On September 10, 2015, Melton again reported foot pain at a sick-call visit with a nurse practitioner. After a physical examination, Melton was prescribed Indomethacin in addition to his other pain medication. On September 17, 2015, Melton was examined by Dr. Barnes, who again assigned stretching exercises, renewed his pain medication prescription,, and referred him to Defendant Dr. Temesgen, the Regional Medical Director. On October 9, 2015, during a visit for another condition, Dr. Barnes lowered Melton's Neurontin dose from 300 milligrams to 100 milligrams after determining that it was causing tremors.

         On November 18, 2015, Melton arrived late to his appointment with Dr. Temesgen and thus was not seen that day. However, prison medical staff still reviewed his file and ordered an ankle-brachial examination to screen Melton for possible peripheral vascular disease.

         On December 22, 2015, during a sick-call visit, Melton complained of foot pain radiating up to his back, coupled with numbness and swelling. Melton was instructed to stay on his previously prescribed pain medications and was given a muscle rub to further alleviate pain. On January 7, 2016, Melton was sent to Bon Secours Hospital for the ordered ankle-brachial testing. That examination revealed that Melton's circulation was normal. Melton returned to JCI the next day, where he was told to continue his pain medications and was given physical therapy instruction before returning to his cell.

         On January 15, 2016, during an appointment with Dr. Barnes, Melton informed her that one of the hospital technicians at Bon Secours had told him he needed an MRI to determine the source of his foot pain. Dr. Barnes informed Melton that she would not be ordering an MRI. She did, however, review with him other imaging of his foot from a bone scan that revealed mild degenerative changes. After a discussion with Melton, Dr. Barnes returned his Neurontin dose to 300 milligrams, with the understanding that the increase might again cause "jtttery feelings." Opp'n Mot. Dismiss Ex. 4, ECF No. 15-5. Melton also asked about another special insole that had been ordered and was told that once it arrived it would be provided at his next chronic-care visit.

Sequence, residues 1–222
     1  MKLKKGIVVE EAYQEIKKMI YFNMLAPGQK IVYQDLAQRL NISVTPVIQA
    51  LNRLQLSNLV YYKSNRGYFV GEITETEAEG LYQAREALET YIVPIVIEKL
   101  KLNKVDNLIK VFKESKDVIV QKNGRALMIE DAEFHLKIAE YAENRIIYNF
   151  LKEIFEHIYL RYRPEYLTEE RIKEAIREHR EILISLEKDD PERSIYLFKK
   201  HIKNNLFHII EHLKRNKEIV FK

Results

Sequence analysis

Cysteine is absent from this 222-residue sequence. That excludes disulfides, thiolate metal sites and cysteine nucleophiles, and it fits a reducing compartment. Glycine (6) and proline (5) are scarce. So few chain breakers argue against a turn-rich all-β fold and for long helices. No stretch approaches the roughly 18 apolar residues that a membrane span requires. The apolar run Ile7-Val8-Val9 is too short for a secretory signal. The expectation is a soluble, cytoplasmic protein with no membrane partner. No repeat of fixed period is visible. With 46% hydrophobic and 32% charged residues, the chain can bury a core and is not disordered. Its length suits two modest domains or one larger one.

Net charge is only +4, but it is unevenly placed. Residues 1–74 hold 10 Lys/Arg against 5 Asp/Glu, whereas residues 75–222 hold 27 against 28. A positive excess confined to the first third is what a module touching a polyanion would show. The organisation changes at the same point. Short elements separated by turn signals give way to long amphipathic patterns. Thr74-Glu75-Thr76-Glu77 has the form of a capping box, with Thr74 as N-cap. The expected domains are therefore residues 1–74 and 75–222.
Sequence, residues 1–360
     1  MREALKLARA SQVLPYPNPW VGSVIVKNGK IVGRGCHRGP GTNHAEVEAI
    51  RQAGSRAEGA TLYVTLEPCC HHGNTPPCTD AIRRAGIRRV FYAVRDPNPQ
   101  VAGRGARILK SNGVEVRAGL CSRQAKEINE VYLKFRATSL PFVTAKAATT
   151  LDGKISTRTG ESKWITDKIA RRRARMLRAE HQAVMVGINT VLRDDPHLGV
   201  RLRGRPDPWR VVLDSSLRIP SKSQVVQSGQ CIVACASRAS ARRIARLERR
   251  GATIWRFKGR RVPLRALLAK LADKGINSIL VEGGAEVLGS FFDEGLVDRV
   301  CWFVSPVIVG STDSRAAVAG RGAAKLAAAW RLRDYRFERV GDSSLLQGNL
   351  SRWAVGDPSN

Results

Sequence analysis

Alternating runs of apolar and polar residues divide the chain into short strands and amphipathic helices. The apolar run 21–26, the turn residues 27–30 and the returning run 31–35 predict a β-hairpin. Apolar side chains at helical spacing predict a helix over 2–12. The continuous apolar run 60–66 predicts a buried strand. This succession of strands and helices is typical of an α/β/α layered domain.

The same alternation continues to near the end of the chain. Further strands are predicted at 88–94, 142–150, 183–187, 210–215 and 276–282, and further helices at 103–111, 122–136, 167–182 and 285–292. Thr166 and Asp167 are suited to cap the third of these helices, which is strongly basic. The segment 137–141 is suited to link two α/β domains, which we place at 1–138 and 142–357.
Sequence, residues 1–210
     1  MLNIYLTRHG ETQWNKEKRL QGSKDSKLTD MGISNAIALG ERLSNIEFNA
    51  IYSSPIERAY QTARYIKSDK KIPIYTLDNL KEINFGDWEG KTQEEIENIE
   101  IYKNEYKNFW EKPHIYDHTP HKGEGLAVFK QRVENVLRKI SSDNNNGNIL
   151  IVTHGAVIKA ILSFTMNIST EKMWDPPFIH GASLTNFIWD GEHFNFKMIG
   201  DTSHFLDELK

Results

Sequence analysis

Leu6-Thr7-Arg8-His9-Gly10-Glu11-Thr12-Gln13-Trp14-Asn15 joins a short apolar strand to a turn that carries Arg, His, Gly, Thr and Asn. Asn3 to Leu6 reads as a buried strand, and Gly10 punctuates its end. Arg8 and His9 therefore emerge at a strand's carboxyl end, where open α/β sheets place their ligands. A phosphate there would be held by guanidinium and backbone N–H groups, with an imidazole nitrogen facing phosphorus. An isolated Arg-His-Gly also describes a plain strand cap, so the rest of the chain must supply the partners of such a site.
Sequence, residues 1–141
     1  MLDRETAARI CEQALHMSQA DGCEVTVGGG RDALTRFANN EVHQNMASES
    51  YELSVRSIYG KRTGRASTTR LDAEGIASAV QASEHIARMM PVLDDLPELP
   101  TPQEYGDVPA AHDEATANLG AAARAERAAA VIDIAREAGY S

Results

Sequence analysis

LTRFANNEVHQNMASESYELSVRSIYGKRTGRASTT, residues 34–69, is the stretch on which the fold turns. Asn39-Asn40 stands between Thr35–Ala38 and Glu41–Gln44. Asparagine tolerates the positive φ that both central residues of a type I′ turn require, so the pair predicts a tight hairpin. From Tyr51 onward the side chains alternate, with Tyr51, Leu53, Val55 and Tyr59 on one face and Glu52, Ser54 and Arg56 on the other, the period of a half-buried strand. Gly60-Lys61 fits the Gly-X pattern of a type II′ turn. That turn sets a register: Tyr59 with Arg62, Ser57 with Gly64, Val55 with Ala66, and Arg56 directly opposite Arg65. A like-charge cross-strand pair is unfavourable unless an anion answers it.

On February 12, 2016, during another sick-call visit, Melton complained about swelling in his legs and abdomen and numbness in his arm. Melton was ordered compression stockings and advised to continue his current medication regimen. In a letter dated February 14, 2016, Melton complained to Defendant "Mr. Ombudsman" that, although he had been suffering from foot problems since 2009, his symptoms had not yet been relieved, and complained in particular that Dr. Barnes had not ordered an MRI. He also reported that he had been denied special shoes to address his condition. Melton asserts that he never received a response to his letter.

         On February 22, 2016, Melton again saw Dr. Barnes and, among other medical issues, complained about his ongoing foot condition and requested a podiatry referral. Dr. Barnes asked Melton to demonstrate the exercises she had previously given him to do, but Melton was unable to do so. Dr. Barnes ordered a referral to Dr. Tefferra for a review of Melton's condition and assistance with symptom management. On February 26, 2006, Melton received his compression stockings.

         In a letter dated March 14, 2016, Melton wrote to Defendant Carter, a Health Services Administrator, to request that he no longer receive Neurontin because one of its uses is for treatment of epilepsy and because it had caused him addiction symptoms. Melton also complained that he had not received a referral to a podiatrist and demanded ...